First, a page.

- Trails: Paths mostly taken by the deer between the bedding and feeding areas. Having a good knowledge of the path allows you to be better placed to sight one.
- Deer Droppings: Just like tracks, this shows how long ago the deer passed by whereby more recent droppings depict that the deer has passed by recently. Large bucks defecate immediately when they leave their bedding area you can assume that you are near there.
Larger sized droppings show that the deer is also a bigger, mature buck.
- Beds: This is important to note especially when doing the hunting recon. It gives you the starting point from which you can locate the possible deer trails between bedding and feeding areas.
- Scrapes: These are used to mark territories by mature bucks. In the early season, you can find a scrapes along correct deer trails and near food sources.
#14. Arm Yourself With A Pair Quality Binoculars (or Hunting Scopes)
Every serious hunter knows that leaving behind their binoculars or hunting scope is making a costly mistake.
Choosing a perfect pair can be quite tricky, but here I have stated some standard features to look out for:
Brightness, and magnification power. Brightness is controlled by the size of the objective lens while the magnification is the optical strength of the binoculars.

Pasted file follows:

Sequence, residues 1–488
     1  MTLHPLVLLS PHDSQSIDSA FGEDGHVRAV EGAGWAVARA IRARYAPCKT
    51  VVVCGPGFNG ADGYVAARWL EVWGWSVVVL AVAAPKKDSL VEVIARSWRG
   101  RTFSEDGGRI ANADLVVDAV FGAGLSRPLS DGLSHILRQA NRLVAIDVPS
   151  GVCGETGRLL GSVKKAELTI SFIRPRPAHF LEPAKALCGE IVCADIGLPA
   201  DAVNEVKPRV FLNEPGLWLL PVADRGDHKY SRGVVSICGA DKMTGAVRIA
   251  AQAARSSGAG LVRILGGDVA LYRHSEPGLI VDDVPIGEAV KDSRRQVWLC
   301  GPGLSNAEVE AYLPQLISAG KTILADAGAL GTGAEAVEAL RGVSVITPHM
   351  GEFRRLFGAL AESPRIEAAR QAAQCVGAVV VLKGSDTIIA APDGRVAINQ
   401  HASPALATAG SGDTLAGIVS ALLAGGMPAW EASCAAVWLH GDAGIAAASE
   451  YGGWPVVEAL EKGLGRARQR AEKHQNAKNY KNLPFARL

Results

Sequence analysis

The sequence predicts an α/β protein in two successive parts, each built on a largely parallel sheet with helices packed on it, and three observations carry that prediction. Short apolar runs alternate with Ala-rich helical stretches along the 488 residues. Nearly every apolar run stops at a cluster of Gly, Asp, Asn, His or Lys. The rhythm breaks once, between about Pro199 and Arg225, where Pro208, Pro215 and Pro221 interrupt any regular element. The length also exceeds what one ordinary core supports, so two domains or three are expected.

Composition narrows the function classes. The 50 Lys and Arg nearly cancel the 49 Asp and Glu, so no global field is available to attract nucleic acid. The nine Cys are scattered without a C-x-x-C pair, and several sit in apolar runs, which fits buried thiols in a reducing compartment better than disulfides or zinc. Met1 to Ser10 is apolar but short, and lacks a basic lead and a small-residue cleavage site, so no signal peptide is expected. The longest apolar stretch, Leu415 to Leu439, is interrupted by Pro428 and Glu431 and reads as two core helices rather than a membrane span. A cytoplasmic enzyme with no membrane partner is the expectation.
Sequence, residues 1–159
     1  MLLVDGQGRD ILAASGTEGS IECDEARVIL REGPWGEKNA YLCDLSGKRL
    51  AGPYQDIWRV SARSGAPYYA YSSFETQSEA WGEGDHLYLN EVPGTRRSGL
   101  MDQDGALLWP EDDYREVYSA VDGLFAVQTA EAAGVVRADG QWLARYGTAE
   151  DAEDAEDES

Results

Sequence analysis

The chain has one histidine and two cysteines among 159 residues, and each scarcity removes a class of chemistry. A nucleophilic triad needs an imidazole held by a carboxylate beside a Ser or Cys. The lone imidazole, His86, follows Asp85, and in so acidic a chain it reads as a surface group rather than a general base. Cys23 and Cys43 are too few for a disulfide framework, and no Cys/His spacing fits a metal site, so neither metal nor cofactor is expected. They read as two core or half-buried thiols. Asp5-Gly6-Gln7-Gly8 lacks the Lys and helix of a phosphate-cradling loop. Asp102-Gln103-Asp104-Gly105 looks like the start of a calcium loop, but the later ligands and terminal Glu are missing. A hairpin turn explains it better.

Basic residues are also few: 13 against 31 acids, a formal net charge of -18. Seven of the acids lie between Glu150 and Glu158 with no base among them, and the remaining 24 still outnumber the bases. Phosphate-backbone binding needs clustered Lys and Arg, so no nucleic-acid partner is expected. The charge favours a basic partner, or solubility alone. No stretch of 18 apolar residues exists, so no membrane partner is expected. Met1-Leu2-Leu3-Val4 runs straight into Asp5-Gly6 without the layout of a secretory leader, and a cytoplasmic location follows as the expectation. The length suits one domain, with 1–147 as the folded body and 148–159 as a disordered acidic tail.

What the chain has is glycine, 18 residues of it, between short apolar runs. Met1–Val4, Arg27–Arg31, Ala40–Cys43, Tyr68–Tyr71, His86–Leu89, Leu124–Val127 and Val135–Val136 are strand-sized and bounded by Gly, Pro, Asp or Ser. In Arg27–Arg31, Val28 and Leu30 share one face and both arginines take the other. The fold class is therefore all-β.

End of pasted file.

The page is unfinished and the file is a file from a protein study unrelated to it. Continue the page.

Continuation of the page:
These are the basic configuration depicted on the binoculars and scopes.
When selecting this equipment, opt for one that gives a good plane of view. Most hunters think that binoculars with more magnification are better. However, they drastically reduce your plane of view.
Remember that the surface of the scope lens is reflective, so opt for fully multi coated lenses that are reinforced with an anti-reflective coating to sufficiently minimize glare and reduce the chance of deer catching that reflection, scaring it away.
#15. Hunting Equipment Part I: Crossbows
If you plan to hunt the deer with a bow, this is your part.
Crossbows have been a topic of debate in deer hunting. However, with time they seem to have become more accepted as seen with the adoption of active archery hunting seasons as seen with firearm seasons.
Below are some features you should make sure you should keep in mind when looking for a good crossbow:
- Limbs: compound limbs enable your arrow to be faster with speeds of up to 350fps and also lightweight with a draw weight of up to 165 pounds. It also allows for quieter shooting.
- Power stroke: This is the crossbows length, and it directly affects the speed and energy output of your crossbow. You can opt for the reverse draw system that is seen in more modern compound crossbows to achieve longer powers strokes.